All businesses should take steps to protect themselves online, in order to protect their data, reputation and revenues from cyber-attacks.
This is especially true when businesses have changed their ways of working in response to the Coronavirus outbreak, potentially exposing themselves to a greater risk of cyber-crime.
Cyber-crime comes in many forms but hacking and phishing – using fake emails to get security information – are among the most common.
Here’s a basic guide on how to ensure your business is protected against these two threats.
Simple steps to avoid being hacked
Unfortunately, all types and sizes of organisations and businesses are at risk from data hacking, with often larger companies making the news headlines when a hack occurs. For example, this summer came the news that universities in the UK, US and Canada have had data stolen about students after hackers attacked a cloud computing provider.
But the problem is more widespread than the headlines might suggest. In the 2020 UK Government Cyber Security Breaches Survey, almost half (46%) of businesses had identified cyber security breaches or attacks in the last 12 months.
The extent to which companies are taking action to deter hacks varies, which may be due to a lack of awareness and understanding of their cyber risk or due to lack of available resources.
Here’s a reminder of some easy to implement steps to get started and help keep your business protected.
Most businesses have basic password policies in place. But it’s important that all staff are aware of this. So, if you ensure everyone is well trained about password creation and protection, your business as a whole is likely to be safer from hackers.
At its most basic, training staff to be cyber-secure means making sure they always use strong and unique passwords for all business accounts. These can be stored using an online password manager, so they don’t need to ever be written down or shared by email.
Also, take steps like limiting how many people have access to your systems and data.
Up to date software, firewalls and antivirus systems
Make sure your apps and operating systems are up to date. Likewise, ensure you have firewalls and antivirus systems in place on all devices, which are up-to-date and using the right settings; this is particularly important as cyber-attacks are constantly changing, so your defences must adapt too.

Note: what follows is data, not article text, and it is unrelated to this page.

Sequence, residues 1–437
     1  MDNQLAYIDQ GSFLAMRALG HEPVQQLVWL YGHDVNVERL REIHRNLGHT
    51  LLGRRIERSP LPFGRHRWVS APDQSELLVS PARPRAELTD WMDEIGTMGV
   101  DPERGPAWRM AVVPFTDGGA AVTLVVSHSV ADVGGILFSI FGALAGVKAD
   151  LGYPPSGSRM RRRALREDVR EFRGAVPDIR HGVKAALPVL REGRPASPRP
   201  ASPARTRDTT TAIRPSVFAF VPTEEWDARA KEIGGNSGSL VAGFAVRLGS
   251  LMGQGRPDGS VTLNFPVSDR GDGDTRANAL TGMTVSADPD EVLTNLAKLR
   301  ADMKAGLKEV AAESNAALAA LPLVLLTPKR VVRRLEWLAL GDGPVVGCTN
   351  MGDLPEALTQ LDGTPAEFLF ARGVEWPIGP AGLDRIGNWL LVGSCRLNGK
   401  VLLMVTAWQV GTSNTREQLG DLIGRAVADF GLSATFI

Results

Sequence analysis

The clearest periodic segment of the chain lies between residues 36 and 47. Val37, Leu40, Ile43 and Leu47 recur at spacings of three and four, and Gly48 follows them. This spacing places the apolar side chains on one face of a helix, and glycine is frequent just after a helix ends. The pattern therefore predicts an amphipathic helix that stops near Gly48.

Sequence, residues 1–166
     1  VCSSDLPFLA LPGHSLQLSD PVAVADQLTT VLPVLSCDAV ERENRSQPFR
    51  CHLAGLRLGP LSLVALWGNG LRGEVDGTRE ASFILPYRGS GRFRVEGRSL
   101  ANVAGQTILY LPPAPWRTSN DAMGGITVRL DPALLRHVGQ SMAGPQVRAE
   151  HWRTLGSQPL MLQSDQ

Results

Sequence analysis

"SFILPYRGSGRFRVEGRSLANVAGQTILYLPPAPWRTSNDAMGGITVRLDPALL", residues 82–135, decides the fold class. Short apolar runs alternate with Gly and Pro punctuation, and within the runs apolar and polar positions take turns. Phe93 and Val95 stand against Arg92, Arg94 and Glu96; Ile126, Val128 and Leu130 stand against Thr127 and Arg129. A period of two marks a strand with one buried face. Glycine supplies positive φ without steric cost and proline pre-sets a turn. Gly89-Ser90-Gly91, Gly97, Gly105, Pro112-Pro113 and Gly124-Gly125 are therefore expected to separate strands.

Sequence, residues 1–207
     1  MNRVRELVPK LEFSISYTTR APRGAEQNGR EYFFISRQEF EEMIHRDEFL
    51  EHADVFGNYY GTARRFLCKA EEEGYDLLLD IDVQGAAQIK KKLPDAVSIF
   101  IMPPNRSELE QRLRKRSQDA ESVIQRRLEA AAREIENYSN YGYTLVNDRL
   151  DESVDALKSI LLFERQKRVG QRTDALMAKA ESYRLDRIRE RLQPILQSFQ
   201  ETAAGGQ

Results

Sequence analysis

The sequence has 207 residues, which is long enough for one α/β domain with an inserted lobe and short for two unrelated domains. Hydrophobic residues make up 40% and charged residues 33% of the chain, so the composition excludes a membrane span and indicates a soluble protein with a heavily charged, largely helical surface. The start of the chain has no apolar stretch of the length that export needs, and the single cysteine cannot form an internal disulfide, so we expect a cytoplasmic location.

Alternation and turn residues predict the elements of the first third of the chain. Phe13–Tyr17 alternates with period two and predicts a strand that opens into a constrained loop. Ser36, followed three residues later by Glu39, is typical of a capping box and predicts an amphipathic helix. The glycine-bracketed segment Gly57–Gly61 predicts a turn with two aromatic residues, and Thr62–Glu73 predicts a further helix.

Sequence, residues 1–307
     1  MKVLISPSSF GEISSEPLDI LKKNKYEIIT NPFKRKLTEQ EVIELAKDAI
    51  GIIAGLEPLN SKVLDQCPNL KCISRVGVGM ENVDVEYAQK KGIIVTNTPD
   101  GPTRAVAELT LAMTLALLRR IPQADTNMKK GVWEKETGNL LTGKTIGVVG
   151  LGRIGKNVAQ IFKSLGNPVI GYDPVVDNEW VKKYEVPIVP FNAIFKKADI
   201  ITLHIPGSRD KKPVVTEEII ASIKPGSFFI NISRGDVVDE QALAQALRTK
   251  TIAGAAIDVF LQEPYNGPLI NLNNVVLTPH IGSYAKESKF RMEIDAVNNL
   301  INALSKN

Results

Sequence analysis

Regularly back up data
All businesses should make regular backups of any important data, and make sure that these backups are recent, secure and can be restored.
The majority of network or cloud storage solutions now allow you to make backups automatically.
Phishing attacks and steps to avoid them
The National Cyber Security Centre (NCSC), part of the Government Communications Headquarters, warns that all businesses, big and small, will be at the receiving end of phishing attacks at some point.
Broadly, phishing is when scammers use emails to trick you into giving them sensitive information. Common phishing tricks targeting companies include bogus emails that can look remarkably authentic and fool staff into transferring money or information.
The NCSC warns that phishing emails are getting harder to spot. But there are steps you can take to minimise the risks.
Reduce the damage
Give your employees the lowest level of user rights required to do their jobs, so if they are the victim of a phishing attack, the potential damage is reduced.
‘Administrator’ user accounts may be of particular interest to attackers, as they have the privileges to change security settings, install software and hardware, and access all files on the computer. So, limit administrator accounts to those who really need them and discourage people from using these accounts to check their emails or browse the web.
Use two factor authentication
Two-factor authentication adds an extra step to log-in procedures, by requiring two types of information from the user.
By ensuring all staff use two-factor authentication across business accounts, then even if an attacker knows a password, they won’t be able to access the account.
Train staff to spot unusual requests
Successful phishing attacks depend on a bogus email, which can sometimes be very sophisticated and convincing, persuading a user to click on something they shouldn’t.
So, ensure your staff have had training to help them spot phishing attacks – for example, if they get an email from an organisation that they don’t do business with, they should treat it with suspicion.
This can be very challenging, but signs of phishing scams include poor spelling, grammar and punctuation, and urgent wording such as ‘send these details within 24 hours’.
Report all attacks
Encourage users to report any emails that they’re unsure about, even if they have already clicked on them.
If you believe that your organisation has been targeted report it to the States of Jersey Police. You may also be required to report to the Jersey Financial Services Commission and/ or the Jersey Office of the Information Commissioner.
At Islands, we have access to Cyber Crime Insurers, who not only can cover you for your financial loss, assist in minimising the disruption to your business and provide access to professional advisors to guide and support you, should your company be the victim of a cyber incident, but also provide policyholders with complementary risk management advice, services and training which can reduce the likelihood of your company falling victim and suffering the stress, financial loss and reputational damage that such incidences can bring.
If you require a cyber-crime quotation or would like to discuss the cyber risks your company may be exposures to and the solutions we have available, please contact Mike Norbury at Mike.Norbury@islands.je